In the global battle of ideas, Russian President Vladimir Putin has had a banner year.
Back in June, Putin made waves by declaring the death of Western liberalism.
Those remarks seemed timed to provoke debate ahead of the G20 summit in Osaka, Japan. But it wasn’t just talk: In the months that followed, Putin would continue to set the example for authoritarian leadership.
Take, for example, Putin’s policies toward his country’s embattled and marginalized political opposition.
For much of the summer, the Russian capital of Moscow saw a wave of opposition demonstrations. For a time, unsanctioned rallies and solo protests seemed to gain momentum. Russian authorities even dropped criminal charges against a prominent investigative reporter after an unexpected public outpouring of support.
But a crackdown on the opposition then followed, with the detention of leading opposition figures and sweeping arrests of more than 2,000 demonstrators. The Russian government, it seemed, was determined not to let street protests get anywhere near the scale seen in Hong Kong.
Russia also showed willingness to exert more control over its citizens online.
In May, Putin signed into law new measures directing the creation of a so-called “sovereign internet” capable of operating independently from the rest of the world. The law mandates that all Russian internet providers install special equipment to enable the use of “deep packet inspection,” a type of data processing that can be used to surveil and censor internet traffic.
The new law took effect in November, establishing Russia as a leader in authoritarian tech. Critics say Putin’s push for greater control of the internet effectively gave the Russian government a “kill switch” to shut off internet traffic.
The Russian government didn’t impose widespread internet blackouts in response to protests – unlike the Iranian government, which pulled the plug on the internet to prevent people from organizing or communicating during recent nationwide anti-government demonstrations. But, during protests this summer in Moscow, authorities did appear to introduce selective outages in some locations to jam or interfere with cell phone usage.
Little surprise, then, that Putin took Chinese President Xi Jinping’s side in the China-US confrontation over the Trump administration’s decision to effectively block all Huawei involvement in American 5G networks amid spying concerns. At the annual St. Petersburg International Economic Forum, Putin said that US actions risked “technological war” over emerging digital technologies.
Putin and Xi had other reasons to bond. Beijing may be coming in for criticism over Xinjiang detention centers and its response to Hong Kong protests, but none of those criticisms are being raised by Moscow.
On the international scene, Putin found common ground with some of the world’s other authoritarian leaders.
In September, Putin played host to Venezuelan President Nicolas Maduro, in a show of support for his embattled Latin American counterpart. The following month, he paid a visit to Saudi Arabia, showcasing an oil-driven partnership with a longstanding ally of the US. There would be no uncomfortable questions from Putin about the kingdom’s human rights record.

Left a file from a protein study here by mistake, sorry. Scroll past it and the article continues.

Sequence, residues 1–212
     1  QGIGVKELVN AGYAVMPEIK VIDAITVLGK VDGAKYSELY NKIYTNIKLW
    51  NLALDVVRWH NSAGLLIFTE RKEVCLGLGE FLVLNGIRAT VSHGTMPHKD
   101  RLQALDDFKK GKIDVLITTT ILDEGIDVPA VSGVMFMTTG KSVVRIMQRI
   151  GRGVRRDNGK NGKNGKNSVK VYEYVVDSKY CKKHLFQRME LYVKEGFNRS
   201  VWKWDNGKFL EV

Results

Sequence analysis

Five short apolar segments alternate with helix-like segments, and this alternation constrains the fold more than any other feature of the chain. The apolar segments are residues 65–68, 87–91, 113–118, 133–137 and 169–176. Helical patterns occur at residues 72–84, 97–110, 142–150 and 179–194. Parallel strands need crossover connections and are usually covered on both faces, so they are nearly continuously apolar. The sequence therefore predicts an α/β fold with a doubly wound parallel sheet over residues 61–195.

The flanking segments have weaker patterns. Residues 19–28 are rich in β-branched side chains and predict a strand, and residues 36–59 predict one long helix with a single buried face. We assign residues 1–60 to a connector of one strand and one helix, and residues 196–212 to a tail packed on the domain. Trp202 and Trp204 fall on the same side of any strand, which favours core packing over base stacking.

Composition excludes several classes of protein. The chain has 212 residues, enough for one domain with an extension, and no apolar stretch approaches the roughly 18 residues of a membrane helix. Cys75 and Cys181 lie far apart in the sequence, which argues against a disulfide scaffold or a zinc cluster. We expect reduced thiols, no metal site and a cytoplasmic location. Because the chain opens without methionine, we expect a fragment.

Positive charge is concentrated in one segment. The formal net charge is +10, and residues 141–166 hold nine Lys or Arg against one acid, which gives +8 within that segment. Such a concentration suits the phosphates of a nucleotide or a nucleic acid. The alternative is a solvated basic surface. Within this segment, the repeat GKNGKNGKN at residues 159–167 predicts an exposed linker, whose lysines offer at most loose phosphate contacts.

Putin’s visit to Saudi Arabia and the United Arab Emirates was described by many observers as a sort of victory lap. But the Kremlin leader’s biggest foreign policy triumph of the year was over Syria.
In October, Putin and Turkish President Recep Tayyip Erdogan met in the southern Russian resort city of Sochi to hammer out a 10-point memorandum of understanding on Syria’s future.
That deal in many ways formalized facts on the ground. President Donald Trump had already abandoned Washington’s Kurdish allies in Syria, by ordering a sudden withdrawal of US forces from Syria. The deal left two strongmen – Putin and Erdogan – as the main geopolitical players in Syria.
Putin’s gamble in backing Syrian President Bashar al-Assad, it seems, has paid off. While a small contingent of US troops remains in Syria, the Assad regime is securely in power, and Russia has a larger military footprint in the country, with Russian forces even falling in on abandoned US military infrastructure in Syria.
That’s not to say that Putin was always on a winning streak in 2019. Russia’s military suffered an embarrassing setback in August after a deadly blast at a military test range killed at least five people and sent radiation levels briefly spiking.
The Russian government never confirmed what specific weapon was being tested, but international speculation centered on a nuclear-powered cruise missile called Burevestnik or Skyfall, one of Putin’s pet military projects.
And Putin still has to deal with a simmering conflict in eastern Ukraine, where Russian-backed separatists are still fighting the Ukrainian government. Putin traveled to Paris to meet his counterparts from Germany, France and Ukraine to talk about steps toward ending the war, but those discussions ended without a major breakthrough.
But in marked contrast to the Trump administration’s Ukraine problem, Putin doesn’t have to worry about impeachment.
That’s not to say he doesn’t have an opinion: in his annual news conference in late December, he seemed to mirror Republican talking points by saying impeachment was based on “made-up reasons” and expressing doubt that Trump will be removed from office.